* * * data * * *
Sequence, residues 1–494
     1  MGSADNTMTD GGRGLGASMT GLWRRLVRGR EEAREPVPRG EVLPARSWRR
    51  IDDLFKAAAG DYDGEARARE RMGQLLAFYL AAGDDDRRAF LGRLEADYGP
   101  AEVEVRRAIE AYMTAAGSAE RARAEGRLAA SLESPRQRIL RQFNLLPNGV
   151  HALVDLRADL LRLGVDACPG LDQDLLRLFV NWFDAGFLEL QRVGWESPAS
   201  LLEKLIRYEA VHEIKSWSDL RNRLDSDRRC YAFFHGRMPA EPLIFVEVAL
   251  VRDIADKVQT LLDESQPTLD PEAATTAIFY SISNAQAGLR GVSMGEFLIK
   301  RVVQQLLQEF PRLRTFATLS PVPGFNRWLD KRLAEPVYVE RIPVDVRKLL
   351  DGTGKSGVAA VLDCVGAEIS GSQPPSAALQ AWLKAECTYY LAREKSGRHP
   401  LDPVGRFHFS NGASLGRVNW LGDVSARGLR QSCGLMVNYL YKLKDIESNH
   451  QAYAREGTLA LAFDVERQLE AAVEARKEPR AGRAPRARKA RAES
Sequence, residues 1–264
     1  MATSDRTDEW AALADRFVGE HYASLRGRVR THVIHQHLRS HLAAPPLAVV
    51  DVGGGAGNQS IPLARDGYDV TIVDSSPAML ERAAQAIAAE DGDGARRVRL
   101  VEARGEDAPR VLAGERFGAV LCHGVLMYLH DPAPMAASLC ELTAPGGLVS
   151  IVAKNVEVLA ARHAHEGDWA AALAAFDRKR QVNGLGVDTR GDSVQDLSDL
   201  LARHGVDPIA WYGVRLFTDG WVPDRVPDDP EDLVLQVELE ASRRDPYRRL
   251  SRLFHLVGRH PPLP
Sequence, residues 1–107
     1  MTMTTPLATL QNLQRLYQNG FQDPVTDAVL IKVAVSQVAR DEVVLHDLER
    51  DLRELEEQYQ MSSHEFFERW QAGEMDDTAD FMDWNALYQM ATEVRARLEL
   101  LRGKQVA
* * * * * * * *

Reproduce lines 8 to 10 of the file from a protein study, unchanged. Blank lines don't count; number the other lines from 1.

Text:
   301  RVVQQLLQEF PRLRTFATLS PVPGFNRWLD KRLAEPVYVE RIPVDVRKLL
   351  DGTGKSGVAA VLDCVGAEIS GSQPPSAALQ AWLKAECTYY LAREKSGRHP
   401  LDPVGRFHFS NGASLGRVNW LGDVSARGLR QSCGLMVNYL YKLKDIESNH